• 31. OMNICOM GROUP INC. AND SUBSIDIARIES NOTES TO CONSOLIDATED FINANCIAL STATEMENTS (Continued) The weighted average fair value of options granted during 2000, 1999 and 1998 was $24.85, $20.91 and $11.45 per option, respectively. The fair value of each option grant has been estimated on the date of grant using the Black-Scholes option pricing model and with the following assumptions (without adjusting for the risk of forfeiture and lack of liquidity): 2000 1999 1998 _________ _________ _________ Expected option lives ................................ 5 years 5 years 5 years Risk free interest rate ................................ 4.96% - 6.67% 4.77% - 6.31% 4.66% - 5.75% Expected volatility .................................... 21.88% - 26.49% 18.25% - 21.2% 18.36% - 20.15% Dividend yield........................................... 0.6% - 0.9% 0.7% - 0.8% 0.9% - 1.0% Using compensation cost for grants of the Company’s stock options and shares issued under the ESPP, determined based on the estimated fair value at the grant or issuance date in 2000, 1999 and 1998, consistent with the provisions of SFAS No. 123, the effect on the Company’s net income and income per share would have been as follows: Dollars in Thousands Except Per Share Data _____________________________________________ 2000 1999 1998 ____ ____ ____ Net income, as reported............................... $498,795 $362,882 $278,845 Net income, pro forma ................................ 475,650 347,643 271,031 Basic income per share, as reported............ 2.85 2.07 1.61 Basic income per share, pro forma.............. 2.72 1.98 1.57 Diluted income per share, as reported......... 2.73 2.01 1.57 Diluted income per share, pro forma .......... 2.62 1.93 1.53 Restricted Shares. A summary of changes in outstanding shares of restricted stock for the three years ended December 31, 2000 is as follows: 2000 1999 1998 ____ ____ ____ Beginning balance ....................................... 2,602,281 2,703,612 3,137,350 Amount granted....................................... 904,429 935,263 783,419 Amount vested......................................... (906,197) (983,251) (1,111,808) Amount forfeited ..................................... (107,008) (53,343) (105,349) ________________ ________________ ________________ Ending balance ............................................ 2,493,505 2,602,281 2,703,612 ________________ ________________ ________________ ________________ ________________ ________________ All restricted shares were sold at a price per share equal to their par value. The difference between par value and market value on the date of the grant is charged to shareholders’ equity and then amortized to expense over the period of restriction. The restricted shares vest in 20% annual increments provided the employee remains in the employ of the Company. Restricted shares may not be sold, transferred, pledged or otherwise encumbered until the restrictions lapse. Under most circumstances, the employee must resell the shares to the Company at par value if the employee ceases employment prior to the end of the period of restriction. The charge to operations in connection with these restricted stock awards for the years ended December 31, 2000, 1999 and 1998 amounted to $39.1 million, $27.8 million and $21.5 million, respectively. 5. Segment Reporting The Company’s wholly and partially owned businesses operate within the marketing and corporate communications services operating segment. These businesses provide a variety of communications services to clients under worldwide, national and regional independent agency brands. The businesses exhibit similar economic characteristics driven from their consistent efforts to create customer driven marketing and corporate F-13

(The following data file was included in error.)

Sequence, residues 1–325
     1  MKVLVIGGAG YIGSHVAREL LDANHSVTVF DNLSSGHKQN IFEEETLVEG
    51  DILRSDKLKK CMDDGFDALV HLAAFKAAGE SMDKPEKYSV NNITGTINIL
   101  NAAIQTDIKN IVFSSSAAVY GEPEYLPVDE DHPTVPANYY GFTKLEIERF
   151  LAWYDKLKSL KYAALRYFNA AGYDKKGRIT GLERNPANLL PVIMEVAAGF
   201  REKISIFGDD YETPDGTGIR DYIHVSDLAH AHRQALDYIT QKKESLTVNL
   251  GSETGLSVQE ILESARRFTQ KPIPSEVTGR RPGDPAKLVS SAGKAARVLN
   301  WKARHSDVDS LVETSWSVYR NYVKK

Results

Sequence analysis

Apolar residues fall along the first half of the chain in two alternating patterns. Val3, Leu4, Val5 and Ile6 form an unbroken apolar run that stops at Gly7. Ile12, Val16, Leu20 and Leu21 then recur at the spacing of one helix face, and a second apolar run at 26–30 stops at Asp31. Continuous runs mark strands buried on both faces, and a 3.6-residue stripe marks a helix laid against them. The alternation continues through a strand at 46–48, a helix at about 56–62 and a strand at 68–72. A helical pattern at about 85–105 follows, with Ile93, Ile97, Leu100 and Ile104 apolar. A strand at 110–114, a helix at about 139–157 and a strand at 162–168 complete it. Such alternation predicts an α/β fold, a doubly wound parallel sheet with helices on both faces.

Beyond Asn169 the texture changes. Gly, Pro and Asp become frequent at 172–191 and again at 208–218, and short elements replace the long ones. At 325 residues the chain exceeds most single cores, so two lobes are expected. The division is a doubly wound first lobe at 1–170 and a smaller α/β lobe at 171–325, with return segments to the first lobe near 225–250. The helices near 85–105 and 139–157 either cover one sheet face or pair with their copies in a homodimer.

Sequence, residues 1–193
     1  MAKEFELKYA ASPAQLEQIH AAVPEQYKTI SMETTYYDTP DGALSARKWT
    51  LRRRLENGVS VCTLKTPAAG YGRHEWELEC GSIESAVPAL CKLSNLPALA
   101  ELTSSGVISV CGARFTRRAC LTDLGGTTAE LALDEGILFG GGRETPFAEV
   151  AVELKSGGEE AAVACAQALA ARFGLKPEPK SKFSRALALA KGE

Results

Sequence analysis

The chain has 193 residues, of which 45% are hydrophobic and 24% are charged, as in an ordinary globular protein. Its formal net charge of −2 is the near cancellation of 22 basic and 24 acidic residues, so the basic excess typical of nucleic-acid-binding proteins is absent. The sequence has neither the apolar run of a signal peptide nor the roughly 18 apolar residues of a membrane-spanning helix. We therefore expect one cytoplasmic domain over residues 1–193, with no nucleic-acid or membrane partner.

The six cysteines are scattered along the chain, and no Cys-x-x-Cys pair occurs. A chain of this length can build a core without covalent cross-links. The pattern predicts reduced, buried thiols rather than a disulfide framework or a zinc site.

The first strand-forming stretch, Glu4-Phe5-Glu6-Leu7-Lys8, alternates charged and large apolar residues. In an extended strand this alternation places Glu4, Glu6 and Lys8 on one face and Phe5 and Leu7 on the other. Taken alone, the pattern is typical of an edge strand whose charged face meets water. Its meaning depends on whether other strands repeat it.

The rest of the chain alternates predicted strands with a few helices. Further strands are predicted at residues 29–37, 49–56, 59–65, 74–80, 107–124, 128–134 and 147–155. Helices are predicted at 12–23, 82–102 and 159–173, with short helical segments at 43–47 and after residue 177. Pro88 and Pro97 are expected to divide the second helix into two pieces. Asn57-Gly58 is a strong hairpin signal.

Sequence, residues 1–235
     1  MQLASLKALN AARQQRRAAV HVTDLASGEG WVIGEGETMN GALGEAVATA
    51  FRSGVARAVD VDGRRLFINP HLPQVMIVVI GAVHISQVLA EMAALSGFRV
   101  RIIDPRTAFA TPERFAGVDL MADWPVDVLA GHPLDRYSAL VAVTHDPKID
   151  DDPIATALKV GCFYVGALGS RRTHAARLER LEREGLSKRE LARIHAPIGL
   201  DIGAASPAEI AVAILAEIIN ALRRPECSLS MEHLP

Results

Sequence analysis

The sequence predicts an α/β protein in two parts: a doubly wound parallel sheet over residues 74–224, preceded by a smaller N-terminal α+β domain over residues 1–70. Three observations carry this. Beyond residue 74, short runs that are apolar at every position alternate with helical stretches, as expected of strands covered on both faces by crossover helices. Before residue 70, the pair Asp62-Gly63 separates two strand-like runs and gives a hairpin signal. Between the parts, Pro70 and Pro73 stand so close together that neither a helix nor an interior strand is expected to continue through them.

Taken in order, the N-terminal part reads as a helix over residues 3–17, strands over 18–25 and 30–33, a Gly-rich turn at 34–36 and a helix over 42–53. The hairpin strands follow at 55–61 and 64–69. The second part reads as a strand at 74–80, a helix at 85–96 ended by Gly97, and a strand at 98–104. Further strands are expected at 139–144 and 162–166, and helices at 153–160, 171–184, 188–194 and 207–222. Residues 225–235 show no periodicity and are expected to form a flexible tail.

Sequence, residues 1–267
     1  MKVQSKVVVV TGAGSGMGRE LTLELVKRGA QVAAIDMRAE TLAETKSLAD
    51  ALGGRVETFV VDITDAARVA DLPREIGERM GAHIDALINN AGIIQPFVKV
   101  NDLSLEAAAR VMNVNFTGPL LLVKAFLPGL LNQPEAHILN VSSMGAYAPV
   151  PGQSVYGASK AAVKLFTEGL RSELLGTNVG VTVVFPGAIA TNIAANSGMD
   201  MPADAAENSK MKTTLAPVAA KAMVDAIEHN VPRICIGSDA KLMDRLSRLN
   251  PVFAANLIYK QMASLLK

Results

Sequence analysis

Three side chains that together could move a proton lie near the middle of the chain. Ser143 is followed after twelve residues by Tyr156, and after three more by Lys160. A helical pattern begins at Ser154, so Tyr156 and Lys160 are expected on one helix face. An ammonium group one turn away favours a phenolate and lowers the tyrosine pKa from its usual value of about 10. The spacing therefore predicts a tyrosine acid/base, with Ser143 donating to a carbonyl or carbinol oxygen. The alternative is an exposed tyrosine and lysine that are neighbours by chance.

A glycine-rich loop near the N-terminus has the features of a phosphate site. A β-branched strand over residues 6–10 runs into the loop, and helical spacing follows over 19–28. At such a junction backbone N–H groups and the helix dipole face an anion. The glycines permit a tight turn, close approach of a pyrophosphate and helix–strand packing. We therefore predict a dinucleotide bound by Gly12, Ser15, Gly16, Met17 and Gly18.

• 32. OMNICOM GROUP INC. AND SUBSIDIARIES NOTES TO CONSOLIDATED FINANCIAL STATEMENTS (Continued) communications services that build their clients’ businesses. A summary of the Company’s operations by geographic area as of December 31, 2000, 1999 and 1998 and for the years then ended is presented below: _______________________________________________________________ (Dollars in Thousands) United United Other Other States Kingdom Germany France ________ International Europe ___________ Consolidated __________ _________ ________ ________ ___________ 2000 Revenue .......................... $3,258,193 $819,081 $436,527 $387,569 $583,142 $669,718 $6,154,230 Long-Lived Assets .......... 254,654 93,653 9,963 17,059 43,555 64,221 483,105 1999 Revenue .......................... $2,532,917 $720,047 $431,739 $359,042 $554,767 $532,033 $5,130,545 Long-Lived Assets .......... 219,590 101,989 10,883 16,951 38,661 56,648 444,722 1998 Revenue .......................... $2,098,220 $659,658 $358,441 $306,734 $468,878 $399,015 $4,290,946 Long-Lived Assets .......... 156,092 100,242 11,916 17,245 38,446 52,600 376,541 6. Equity and Cost Based Investments Equity Investments in Marketing and Corporate Communications Companies. The Company has in excess of 75 unconsolidated affiliates accounted for under the equity method. The companies offer marketing and corporate communications services similar to those offered by the Company. The equity method is used when the Company has an ownership of less than 50% but exercises significant influence over the operating and financial policies of the affiliate. The following table summarizes the balance sheets and income statements of the Company’s unconsolidated affiliates, primarily in the United States, Europe and Australia, as of December 31, 2000, 1999 and 1998 and for the years then ended: (Dollars in Thousands) ______________________________________________ ___ ___ ___ 2000 1999 1998 Current assets .............................................. $926,792 $912,791 $773,661 Non-current assets ....................................... 302,073 241,385 156,459 Current liabilities......................................... 682,719 692,927 657,247 Non-current liabilities.................................. 62,955 65,978 87,258 Minority interests ........................................ 7,796 1,002 2,327 Gross revenue .............................................. 816,717 522,103 510,730 Costs and expenses...................................... 740,267 467,745 444,453 Net income .................................................. 45,076 23,662 33,183 The Company’s equity in the net income of these affiliates amounted to $10.9 million, $15.4 million and $20.5 million for 2000, 1999 and 1998, respectively. The Company’s equity in the net tangible assets of these affiliated companies was $205.2 million, $174.0 million and $110.5 million at December 31, 2000, 1999 and 1998, respectively. Included in the Company’s investments in affiliates is the excess of acquisition costs over the fair value of tangible net assets acquired. These excess acquisition costs are being amortized on a straight-line basis over a period not to exceed 40 years. In 2000, 1999 and 1998, the Company disposed of shares held in certain affiliates. The resulting impact of these disposals was not material to the Company’s consolidated results of operations or financial position. The Company, through a wholly owned subsidiary, made an initial investment in AGENCY.com Ltd. (“Agency”) in September 1996. The Company owns 36% of Agency and accounts for its investment under the equity method. In December 1999, Agency issued shares of its common stock in an initial public offering. Based on an offering price of $26 per share, an after tax gain of $17.6 million was recognized by the Company in shareholders’ equity as a direct increase to additional paid-in capital. During the month of December 2000 and at December 31, 2000, for the first time the market value of the Company’s investment of $51.2 million was below its book value, including the effect of recording the non-cash gain in shareholders equity described above. The market value has fluctuated (both increasing and decreasing) since then and was below our book value on March 15, 2001. Based on management’s consideration of the factors described in Footnote 1, Investments F-14